Last week, Doug Marrone and I had a chat about motivation. The head coach had taken the Bills on a team bonding trip the day before.
He’s looking to build team unity, which can be an elusive quality at a time when money and ego often rule in pro sports.
Marrone has one theory that I agree with wholeheartedly: Players can find a great source of competitive identity and motivation when they believe they’re playing for something bigger than themselves.
It’s true. Sometimes, an outside event can galvanize a group of players and remind them how powerful a force it can be when a team is united in a common, emotional cause.
People ask me what was different about the Red Sox last season. How could they go from losing 93 games to winning the World Series?
There were tangible explanations, of course. Starting pitching is generally the answer to any baseball turnaround. But the Boston Marathon bombing was an undeniable factor. Watching a city bounce back from tragedy had to elevate the players at times during the daily baseball grind.
The Yankees didn’t win it all, but they did some unforgettable things in the aftermath of 9/11. Marrone was an assistant with the Saints when they became winners soon after Hurricane Katrina. The New York Rangers rallied around Martin St. Louis when his mother died during the recent Stanley Cup playoffs.
Anyway, I was reminded of that talk with Marrone when I heard that Jim Kelly had addressed the Bills at the end of practice on Thursday. Kelly, just two weeks removed from a battery of chemotherapy and radiation treatments, told the players it was time to win again.
Marrone said Kelly’s address wasn’t planned. But no team bonding exercise could accomplish what the ailing Hall of Fame quarterback did during those two emotional minutes at One Bills Drive.
Really, what player wouldn’t be motivated to hear one of the greatest leaders in Bills history tell them how much it meant for him to be part of a great team, one that’s forever attached to an adoring community?
“This is what you need to put your arms around,” Kelly said. “Make this your team. Make it very special. Realize it, because when it’s all over, the things that you have are your memories.
“The people that you built that relationship with – not just on the football field,” Kelly said, “but away from the field.”
It was moving to hear Kelly utter those words, and especially touching to see Thurman Thomas, his former teammate and fellow Hall of Famer, standing beside him. Kelly called Thomas, who has been by his side throughout his cancer ordeal, “one of my brothers.”
I have to smile when I recall the days of the Bickering Bills, when Thomas called out Kelly for a lapse in leadership. But that’s what set those teams apart – they fought and challenged each other, like brothers in any family, and it forged a rare competitive bond.
Those teams absolutely hated losing. I suspect that’s one of the things troubling Marrone, that many of today’s players lack that fundamental loathing of defeat, which supersedes money and ego and social status.
The Super Bowl teams were supremely talented, of course. But a lot of teams have talent. They also had a bunch of warriors, players whose desire measured up to their physical ability, guys who would not tolerate complacency within the group. You know the names.
It was their bond that defined them in the end. That point was driven home to me when I did a series on the 20th anniversary of Super Bowl XXV. Reflecting back as older men, all those players said it. It was their connection with each other, and an adoring town, that carried them along and allowed them to bounce back from repeated disappointments.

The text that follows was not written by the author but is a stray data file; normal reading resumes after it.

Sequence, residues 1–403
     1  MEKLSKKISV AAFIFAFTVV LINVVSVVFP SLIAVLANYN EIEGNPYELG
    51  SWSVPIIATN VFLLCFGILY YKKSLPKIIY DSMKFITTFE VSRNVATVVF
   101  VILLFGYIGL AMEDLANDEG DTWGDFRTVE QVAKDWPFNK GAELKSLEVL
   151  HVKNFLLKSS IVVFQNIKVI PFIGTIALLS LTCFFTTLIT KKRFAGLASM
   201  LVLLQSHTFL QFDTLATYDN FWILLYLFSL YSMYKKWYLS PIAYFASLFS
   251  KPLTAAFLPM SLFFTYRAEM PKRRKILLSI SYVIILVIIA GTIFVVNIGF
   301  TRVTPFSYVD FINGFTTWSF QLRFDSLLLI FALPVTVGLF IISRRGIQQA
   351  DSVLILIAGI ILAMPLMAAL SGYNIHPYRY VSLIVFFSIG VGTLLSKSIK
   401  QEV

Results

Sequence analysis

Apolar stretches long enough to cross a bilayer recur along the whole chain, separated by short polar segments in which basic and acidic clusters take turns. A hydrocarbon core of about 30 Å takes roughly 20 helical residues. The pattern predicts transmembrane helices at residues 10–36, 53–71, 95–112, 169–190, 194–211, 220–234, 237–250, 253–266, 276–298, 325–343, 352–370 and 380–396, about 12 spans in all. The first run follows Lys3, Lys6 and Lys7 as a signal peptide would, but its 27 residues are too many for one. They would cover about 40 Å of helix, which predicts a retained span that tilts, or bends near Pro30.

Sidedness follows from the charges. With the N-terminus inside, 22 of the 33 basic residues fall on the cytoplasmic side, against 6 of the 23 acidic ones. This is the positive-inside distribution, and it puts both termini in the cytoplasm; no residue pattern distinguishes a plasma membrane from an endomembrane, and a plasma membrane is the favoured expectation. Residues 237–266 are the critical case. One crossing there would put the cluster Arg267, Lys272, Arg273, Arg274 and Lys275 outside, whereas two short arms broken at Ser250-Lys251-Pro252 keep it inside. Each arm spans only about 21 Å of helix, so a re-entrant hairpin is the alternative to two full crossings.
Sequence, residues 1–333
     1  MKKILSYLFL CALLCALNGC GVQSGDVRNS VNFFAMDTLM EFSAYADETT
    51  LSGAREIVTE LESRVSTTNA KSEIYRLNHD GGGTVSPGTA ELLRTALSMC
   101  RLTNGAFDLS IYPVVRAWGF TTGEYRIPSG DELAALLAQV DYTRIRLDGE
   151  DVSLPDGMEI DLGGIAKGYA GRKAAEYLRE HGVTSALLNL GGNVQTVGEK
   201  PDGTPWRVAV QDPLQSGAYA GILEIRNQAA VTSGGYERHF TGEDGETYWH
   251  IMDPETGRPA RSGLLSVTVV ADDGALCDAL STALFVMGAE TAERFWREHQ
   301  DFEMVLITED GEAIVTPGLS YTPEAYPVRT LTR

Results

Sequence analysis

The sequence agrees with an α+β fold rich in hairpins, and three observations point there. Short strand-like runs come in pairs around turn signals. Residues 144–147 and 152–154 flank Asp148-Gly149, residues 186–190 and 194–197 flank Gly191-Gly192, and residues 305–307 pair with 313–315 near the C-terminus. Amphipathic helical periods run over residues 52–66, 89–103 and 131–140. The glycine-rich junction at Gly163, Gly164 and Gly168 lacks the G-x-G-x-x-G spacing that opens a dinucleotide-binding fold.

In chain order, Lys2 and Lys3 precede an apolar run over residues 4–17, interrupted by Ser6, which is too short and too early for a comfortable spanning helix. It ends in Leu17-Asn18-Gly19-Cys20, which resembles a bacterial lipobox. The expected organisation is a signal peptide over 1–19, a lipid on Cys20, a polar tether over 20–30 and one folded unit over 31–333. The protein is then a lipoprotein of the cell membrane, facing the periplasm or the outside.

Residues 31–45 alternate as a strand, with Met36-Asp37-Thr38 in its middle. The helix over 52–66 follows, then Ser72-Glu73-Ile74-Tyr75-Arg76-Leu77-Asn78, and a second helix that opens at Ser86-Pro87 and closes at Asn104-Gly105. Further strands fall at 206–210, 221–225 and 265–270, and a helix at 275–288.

Bill Polian, who built those teams, told me, “There was a unique bond between the team and the town.” Yes, and it has been so very long since any Bills team has even approached it.
Listening to Kelly, it makes you wonder. The Bills haven’t made the playoffs in 14 years. They have finished 6-10 three years in a row. When I was asked to predict next season’s record the night the NFL schedule was released, I said 6-10. That’s what they’ve earned.
They have the talent to do better. But I wonder about their competitive character. Last year, too many of them seemed content with average.
There was little discernible passion, outside of Fred Jackson and a few others. They didn’t despise losing. They accepted it.
I felt the Jairus Byrd situation became toxic for that team. When management let Byrd dangle, it sent the wrong message. It told players you needed to look out for yourself first, that the ultimate motivation was self-preservation and the next contract.
Those things are always present in pro sports. But maybe Kelly got them thinking. Yeah, the money is important. You play a violent game for a league that cares mainly about the bottom line.
But when you’re older and your body is breaking down, it will be the bonds that you remember most, the teammates and the memories and the way Buffalo fans cared beyond all understanding. One day, it might be you fighting for your life, and one of those teammates standing by you the way Thomas did Thursday.
Sure, it’s a romantic, fanciful idea, but wouldn’t it be nice if this team found something bigger to play for, if they rallied around Kelly’s illness and Ralph Wilson’s death and the impending sale of the team, and found their competitive soul?
It won’t make EJ Manuel a better passer, or plug the hole on every opposing run. But as the Kelly teams showed us, it’s not all about talent. Teams can do wondrous things when they share an emotional bond.
You listen to Kelly, and his amazing family, and you realize the common thread in all of this. It’s what keeps them going and what Marrone is desperately trying to develop in his team. Belief.